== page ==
French press (La Liberation) and media reported (Jan.10) in some detail that computer viruses could be planted, either in advance or afterwards, in French EXOCET rockets to influence their performance such as to misguide them. Following a report of the German Press Agency (dpa), German media (on Jan.11) were full of reports about "viruses in Hussein's rockets". According to dpa, (unnamed) French computer scientists said: - manufacturers of war material usually implant, "for mere commercial reasons", viruses in exported war electronics to provoke, after some time, faults and "profitable repair work"; - though Iraqian weapon computers are "hermetically cut-off from the outside world", computer viruses could be implanted e.g. via "weather data"; - moreover, the built-in computers contain programs which may be triggered remotely; the control system of (French-built) EXOCET rockets could be switched-off from French ships; the only problem would be the mass of weapon computers to be switched-off simultaneously. As usual in events related to malicious code, truth is mixed up with misunderstandings, errors and impossibilities: - the implementation of weapon software makes self-reproducing programs (=viruses) impossible; moreover, it is very improbable, that such systems may be (re-)programmed remotely; French "experts" with such arguments are non-trustable; - on the other hand, other aspects of "malicious code" may well be present in weapon computers; at least in the test phase, rockets can be destroyed by triggering a self-destruction system remotely; following the well-established principle "never change a running program", such "backdoors" (the proper name for this type of malicious code) could survive the test version; - moreover, French system analysis might well have foreseen scenarios in which to defend against French-made rockets (e.g. EXOCETS); French warships might remotely influence the EXOCET control systems if this remains unchanged by the (Iraqian) users of such technology; with equivalent probability, other Western weapon control systems could contain similar self-protection mechanisms (e.g. US' Hawk missiles having been captured in Kuweit) ; - finally, it is well-published (even in non-military periodicals) that and how electronic countermeasures (ECM) may mislead weapon electronics. Some interesting questions following from such "possibilities": - May Iraq detect, influence or adapt such weapon software? As software technology is not well-enough developed in Iraq (and most part of the Arab world), they probably must rely on foreign experts (as they evidently do in other Hi-Tech areas). - If French EXOCET rockets are remotely controllable: why did the French not warn their "friends" who suffered severe losses through their weaponry (e.g., UK in Falkland crisis, or US in the Iran crisis, see accident of USS STARK)? Do they at least now warn and properly equip their allies in the Arabian desert? For "RISK experienced" experts, it is not surprising that misinformation lives best in threatening situations (such as at the Gulf); apart from general attitudes of newsmedia, computer scientists who nominate their technological constructs (e.g., "self-reproducing programs") in such inadequate terms as "viruses" (see also: "intelligence", etc.) are highly responsible for misinterpretation and misunderstanding by less well informed media people and the public! On the other side, authorities and the public only in such threatening circumstances become aware of riskful assumptions inherent in contemporary computer systems. Such unfortunate experience may lead to the cynical assumption that risks may best be conceived by (hopefully: moderately) "ex post" experiencing them, rather than analysing and avoiding them "ex ante". Postscriptum: computer "viruses" may nevertheless play a role in "Operation Desert Shield". There are (yet unconfirmed) news items that several thousand PCs (5000?) have been infected by ordinary "computer viruses". This would not be a surprising experience, as the soldiers had to "waste" ample time waiting for Jan.15; in the absence of other possibilities for spending free time, computer games (usually a source of "virus" infections) may have played a major psychological role, maybe with some impact on their "ordinary functional behaviour".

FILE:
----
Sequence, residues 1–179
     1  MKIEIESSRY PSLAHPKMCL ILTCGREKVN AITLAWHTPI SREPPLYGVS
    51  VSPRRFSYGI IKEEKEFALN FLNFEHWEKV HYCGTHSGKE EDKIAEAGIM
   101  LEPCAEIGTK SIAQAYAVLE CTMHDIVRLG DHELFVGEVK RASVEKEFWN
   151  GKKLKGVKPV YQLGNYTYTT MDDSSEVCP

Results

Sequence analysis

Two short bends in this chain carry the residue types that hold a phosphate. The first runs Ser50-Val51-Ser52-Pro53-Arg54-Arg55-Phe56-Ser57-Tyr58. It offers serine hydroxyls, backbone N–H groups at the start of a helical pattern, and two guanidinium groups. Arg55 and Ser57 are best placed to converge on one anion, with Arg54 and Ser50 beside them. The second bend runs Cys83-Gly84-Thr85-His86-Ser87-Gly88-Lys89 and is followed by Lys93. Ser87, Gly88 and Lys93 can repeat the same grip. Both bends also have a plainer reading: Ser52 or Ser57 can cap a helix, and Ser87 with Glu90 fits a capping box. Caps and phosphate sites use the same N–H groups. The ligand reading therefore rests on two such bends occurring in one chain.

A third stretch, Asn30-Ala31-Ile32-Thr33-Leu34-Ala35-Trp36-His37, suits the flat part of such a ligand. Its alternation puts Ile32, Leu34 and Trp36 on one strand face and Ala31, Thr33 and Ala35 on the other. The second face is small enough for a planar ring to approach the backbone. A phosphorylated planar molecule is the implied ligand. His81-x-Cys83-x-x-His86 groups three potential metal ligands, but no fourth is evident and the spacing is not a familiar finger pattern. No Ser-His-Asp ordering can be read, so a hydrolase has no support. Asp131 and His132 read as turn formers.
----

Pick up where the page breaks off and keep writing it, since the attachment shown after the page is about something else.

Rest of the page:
The risk of NOT believing war gaming models should be revisited, in view of the Congress' vote this past weekend. In all such "contests" (sports games, wars ...) there is always a chance, regardless of how low the probability, that some rare event may occur; e.g., "mighty Casey may strike out." This is particularly true when one side (or both) have some players with particularly LOW vulnerability, and/or some weapons with particularly HIGH lethality. The outcome of the "game" will vary drastically, depending on what happens to these "superior" players/weapons - and WHEN it happens. To take a hypothetical case, based on history, SUPPOSE that Gen. Custer had gone into his last stand, with a hundred Gattling Guns; and suppose that those operating these guns had plenty of ammo, and were lucky enough to not be wounded — at least, until they had done their (dirty) work. One might imagine that it would have been Custer's greatest victory. IF the Congressional debaters were right, Iraq has some "unusual" weapons; IF these weapons survive long enough to be used, who knows what the outcome might be? The lesson of the Spanish Armada's defeat suggests that Gen. Eisenhower and others were right: After the war starts, no one knows ... Bob
Just a quick word to advise RISKS readers that the MOD laptop computer stolen in UK has been recovered by the MOD. The information was in the press last week. There was no mention of any arrest. Understandably, since the gulf hostilities have just started, the MOD is keeping full secrecy about the outcome of the story. The fact that classified military information was present on the hard disk of a laptop computer would certainly seem to be a risk in itself. It is even more unbelievable that the laptop was left unattended in a car in Acton (West London), which is not the safest of areas in London. I certainly would not leave a laptop (if I had one) in my car in that area ! When computers were as large as a bus, there was no risk of one being "lost" in nature. Now they are so small that one can carry them all around the place. And since a small plastic box looks less important than 20Mb worth of printed paper (with red ink warning notices), it is worrying that the holder of this box becomes that negligent. Olivier M.J. Crepin-Leblond, Elec.Eng. Dept, Imperial College London, UK. [The computer's return was also noted by Steve Bellovin (email@example.com), Margaret Fleck <firstname.lastname@example.org>, Tim Steele <email@example.com> (who added that although the MoD refused to reveal the contents of the note, they said that it convinced them that the data is secure), and Charles Bryant <firstname.lastname@example.org>. THANKS! PGN]